Home » Newpages Blog » New Lit on the Block :: Postcard

New Lit on the Block :: Postcard

Who doesn’t love getting a postcard in the mail? Especially one with contemporary art and poetry and no pithy guilt about not being somewhere else. Postcard is the brainchild of Editor-in-Chief and Designer David Wojciechowski who was initially interested in making broadsides but fell in love with the smaller, more economical postcard.

“I thought it was a funky idea for a literary magazine to be printed in that form,” Wojciechowski says. “Then I began thinking about the postcards, the poems, being sent through the mail. I loved the idea of people sending a poem to a friend—not just a link to a poem, but a physical object they can tape over their desk or wherever they need it. I also have this image in my head of a mail carrier stopping to read a poem; that image kind of motivated me to keep going with the idea.”

For Readers

Postcard is only available through purchasing each pack, which comes as a limited print edition of postcards twice each year. “Readers will receive 10 beautiful poems by at least 10 wonderfully talented poets,” Wojciechowski explains. “The work is a mix of verse and prose poems; direct and experimental; narrative and suggestive; weird and heartbreaking. They can also expect 10 abstract images inspired by the poems.”

“I have had a few people ask me about the visual style of the postcards: where it came from, what inspired it, how does it work,” Wojciechowski adds. “More than anything I’m trying to capture the feeling I get from the poem. If a poem feels quiet, I want the art to feel a little quiet. If the poem is experimental, I want the art to look a little different.

“I also try to pick out an image or object and abstract it. For instance, in Donna Vorreyer’s poem ‘Siesta,’ there’s a honeycomb and a beekeeper and a ‘honey-voiced song’ and cymbals and beats. I tried to get a beehive and vibrations into the image for her poem. What I love though is that everyone has their interpretations of how they see the connection between the art and the poems.”

There has already been one issue released (sold out) featuring poets Kelli Russell Agodon, Jared Beloff, Lauren Camp, Christopher Citro, Denise Duhamel, Alban Fischer, Dustin Nightingale, Tom Snarsky, Leah Umansky, Donna Vorreyer, and Mary Zhou.

For Writers

For writers interested in contributing to the publication, Wojciechowski is currently the sole editor, but his credentials speak to his expertise, having worked as an editor for Salt Hill and as founder and editor of NightBlock with Erin Mullikin. “I have a lot of experience in the small press world,” Wojciechowski adds, “working as a freelance cover and interior designer for presses and magazines such as Pleiades, Split/Lip, and Deep Vellum. Outside of magazines, I’ve been reading and writing poetry since high school and earned my MFA in 2013.”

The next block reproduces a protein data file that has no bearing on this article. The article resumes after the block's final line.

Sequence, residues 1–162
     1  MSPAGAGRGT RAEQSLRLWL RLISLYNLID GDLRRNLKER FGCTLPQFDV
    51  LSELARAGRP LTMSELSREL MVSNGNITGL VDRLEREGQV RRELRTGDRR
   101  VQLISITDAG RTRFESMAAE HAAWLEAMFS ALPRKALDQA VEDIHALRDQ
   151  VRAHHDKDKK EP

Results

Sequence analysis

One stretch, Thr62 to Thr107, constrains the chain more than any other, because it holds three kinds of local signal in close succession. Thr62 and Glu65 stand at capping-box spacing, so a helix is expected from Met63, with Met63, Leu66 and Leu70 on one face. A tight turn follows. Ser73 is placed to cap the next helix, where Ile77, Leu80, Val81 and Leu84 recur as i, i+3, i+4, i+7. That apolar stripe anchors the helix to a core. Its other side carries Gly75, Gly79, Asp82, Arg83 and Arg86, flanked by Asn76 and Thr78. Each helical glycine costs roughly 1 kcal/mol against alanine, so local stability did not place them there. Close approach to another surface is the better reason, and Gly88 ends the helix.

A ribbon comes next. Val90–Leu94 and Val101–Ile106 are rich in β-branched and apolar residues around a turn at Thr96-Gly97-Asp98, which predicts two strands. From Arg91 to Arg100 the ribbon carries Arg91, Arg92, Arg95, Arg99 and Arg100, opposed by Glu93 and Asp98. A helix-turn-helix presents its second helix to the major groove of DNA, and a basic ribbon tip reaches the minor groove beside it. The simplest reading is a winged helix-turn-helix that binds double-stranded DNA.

Writers can submit works via email during two open submission periods: August 1–November 30 and February 1–May 31. Wojciechowski reads every submission with a response time of three months – “usually sooner,” he says. “This isn’t so hard since submissions are limited to one poem per contributor and no feedback is provided.”

Advice: Run the Numbers Then Do It

Reflecting on this unique start-up and the lessons it presented, Wojciechowski says, “I learned not to underestimate myself. Initially, I was unsure about starting this magazine. It was a financial and time commitment I wasn’t sure I should take on, and I did not know how people would respond to it. But, almost from the beginning, the poetry community came through and seemed very excited. The first issue sold out in ten days, which I never could have imagined.

“I guess the lesson I learned is to take a chance. Do some planning (I ran so many numbers before even purchasing the domain), and if you feel like it could be something, don’t sit on it, just give it a shot. I had the idea at the beginning of August, and by mid-December, I was holding the first issue in my hand.”

Future Issues and Collections

Still so fresh and new, Wojciechowski is already planning out Postcard’s future. “The number one goal is to keep going, issue-by-issue,” he says. “I’m going to increase the print run for issue 2 after the response to issue 1. Recently I thought about doing one-off postcards in between issues where the proceeds could be donated to a charity. One thing I would love to do is, in a few years when I have five issues completed, print a full-color book that collects those 50 postcards. Each spread would have the poem and the art it inspired. I don’t know how possible that will be money-wise, but as someone who loves to design books, it’s a dream.”

Spread the word!